Drinking lead-tainted water is out of the question, as is cooking with it and bathing in it. But what about gardening? Is it safe to water your garden with leaded water through a hose without a filter?
Below is Teresa McLean’s answer. She’s a Flint-based Michigan State University Extension Service educator in community food systems.
McLean said you will not be “appreciably adding” to lead in soil by watering it with lead-tainted water. But that doesn’t mean lead in soil isn’t a concern.
Lead already exists in some soils across Michigan. McLean said it occurs naturally at low levels, but it also comes from other places – like lead paint on houses and lead remnants from when cars used lead gasoline.
For that reason, McLean said it’s crucial to test for lead in soil before you garden. The EPA’s Hazard Standard for lead in soil says any lead level below 400 parts per million is safe – and that’s in areas where children play. McLean, however, suggests a 300 ppm limit.
The good news about veggies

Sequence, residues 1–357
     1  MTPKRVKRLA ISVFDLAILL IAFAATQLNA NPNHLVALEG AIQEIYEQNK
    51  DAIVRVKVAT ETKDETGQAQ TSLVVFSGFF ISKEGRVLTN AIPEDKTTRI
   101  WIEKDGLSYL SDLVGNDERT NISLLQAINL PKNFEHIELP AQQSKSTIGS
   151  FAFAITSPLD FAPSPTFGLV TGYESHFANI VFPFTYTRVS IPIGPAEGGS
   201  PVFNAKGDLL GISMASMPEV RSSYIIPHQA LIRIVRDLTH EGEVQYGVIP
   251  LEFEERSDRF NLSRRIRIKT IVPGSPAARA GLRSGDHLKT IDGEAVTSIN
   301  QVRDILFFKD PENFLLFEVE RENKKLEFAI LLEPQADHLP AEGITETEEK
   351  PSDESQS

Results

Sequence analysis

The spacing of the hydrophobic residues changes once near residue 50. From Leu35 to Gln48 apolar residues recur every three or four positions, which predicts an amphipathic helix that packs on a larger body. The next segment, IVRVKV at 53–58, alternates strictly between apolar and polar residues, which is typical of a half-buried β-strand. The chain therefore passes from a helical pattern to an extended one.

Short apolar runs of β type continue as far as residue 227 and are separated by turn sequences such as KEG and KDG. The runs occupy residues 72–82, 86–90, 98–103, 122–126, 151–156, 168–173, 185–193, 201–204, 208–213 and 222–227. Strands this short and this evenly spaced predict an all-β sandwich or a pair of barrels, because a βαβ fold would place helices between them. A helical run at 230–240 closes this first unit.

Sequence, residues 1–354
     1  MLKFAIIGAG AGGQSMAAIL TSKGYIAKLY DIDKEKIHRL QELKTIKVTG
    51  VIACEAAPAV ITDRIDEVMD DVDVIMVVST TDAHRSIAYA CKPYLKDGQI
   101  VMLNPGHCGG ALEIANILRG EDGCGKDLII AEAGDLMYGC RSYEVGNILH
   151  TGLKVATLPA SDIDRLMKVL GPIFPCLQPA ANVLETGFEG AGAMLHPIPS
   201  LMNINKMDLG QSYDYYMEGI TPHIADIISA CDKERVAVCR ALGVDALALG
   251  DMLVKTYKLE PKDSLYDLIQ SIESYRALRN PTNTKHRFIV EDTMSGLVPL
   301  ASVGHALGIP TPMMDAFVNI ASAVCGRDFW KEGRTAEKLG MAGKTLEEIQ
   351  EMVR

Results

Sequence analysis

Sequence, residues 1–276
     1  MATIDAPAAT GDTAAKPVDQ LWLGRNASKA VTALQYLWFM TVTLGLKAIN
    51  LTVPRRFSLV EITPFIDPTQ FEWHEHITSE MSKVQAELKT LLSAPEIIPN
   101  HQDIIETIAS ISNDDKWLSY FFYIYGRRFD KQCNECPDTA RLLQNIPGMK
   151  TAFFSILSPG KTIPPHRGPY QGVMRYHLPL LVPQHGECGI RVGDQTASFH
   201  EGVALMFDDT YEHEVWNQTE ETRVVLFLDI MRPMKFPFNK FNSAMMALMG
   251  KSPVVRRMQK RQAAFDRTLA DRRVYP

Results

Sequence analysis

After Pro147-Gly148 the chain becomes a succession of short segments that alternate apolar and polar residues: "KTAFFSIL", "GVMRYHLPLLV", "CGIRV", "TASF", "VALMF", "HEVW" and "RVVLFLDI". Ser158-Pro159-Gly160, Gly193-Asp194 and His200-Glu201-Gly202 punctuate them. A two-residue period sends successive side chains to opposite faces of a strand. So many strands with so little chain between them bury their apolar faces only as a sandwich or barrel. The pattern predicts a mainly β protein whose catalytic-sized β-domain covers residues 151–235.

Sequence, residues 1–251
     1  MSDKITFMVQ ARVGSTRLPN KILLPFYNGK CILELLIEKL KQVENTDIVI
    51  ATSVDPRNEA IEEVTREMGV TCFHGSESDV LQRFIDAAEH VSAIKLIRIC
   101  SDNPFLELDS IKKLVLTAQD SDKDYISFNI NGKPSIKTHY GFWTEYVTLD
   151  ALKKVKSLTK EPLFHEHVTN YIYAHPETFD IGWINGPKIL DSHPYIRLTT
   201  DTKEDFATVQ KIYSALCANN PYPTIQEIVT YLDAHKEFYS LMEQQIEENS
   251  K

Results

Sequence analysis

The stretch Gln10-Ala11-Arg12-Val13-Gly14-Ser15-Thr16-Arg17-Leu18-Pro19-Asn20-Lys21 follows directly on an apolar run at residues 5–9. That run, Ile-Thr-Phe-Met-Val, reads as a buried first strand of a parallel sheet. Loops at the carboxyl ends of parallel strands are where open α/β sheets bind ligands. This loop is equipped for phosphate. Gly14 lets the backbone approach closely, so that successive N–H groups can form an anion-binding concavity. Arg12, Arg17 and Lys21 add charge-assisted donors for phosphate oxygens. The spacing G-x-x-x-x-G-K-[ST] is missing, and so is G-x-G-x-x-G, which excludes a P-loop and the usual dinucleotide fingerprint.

When it comes to growing food, even in soil that contains lead, McLean had some good news.
“Fortunately for us, vegetables are not very good at taking up lead,” she said. “When we talk about low-risk vegetables, anything that fruits … like tomatoes, peppers, green beans, corn – if there is any lead uptake at all, it does not get translocated to the fruits, and so those are considered the safest type of vegetable to grow in a garden with elevated lead levels.”
While lead doesn’t typically make its way into vegetables, it can stick to them. That’s why McLean said gardeners should be wary of “soil splash.”
“Soil splash, the soil that gets stuck to our root vegetables or our leafy greens, could be a concern if not washed properly,” she said. “And so we do recommend peeling all root crops and pulling off the outer leafy greens. Of course, here in Flint, we have to wash them thoroughly with filtered or bottled water.”
McLean also suggested that people gardening in soils with elevated lead levels wear gloves and boots when gardening to prevent unnecessary contact with lead.
For more tips, such as adding compost when lead is present in soil, see this handout on Lead Safety for the Home Gardener.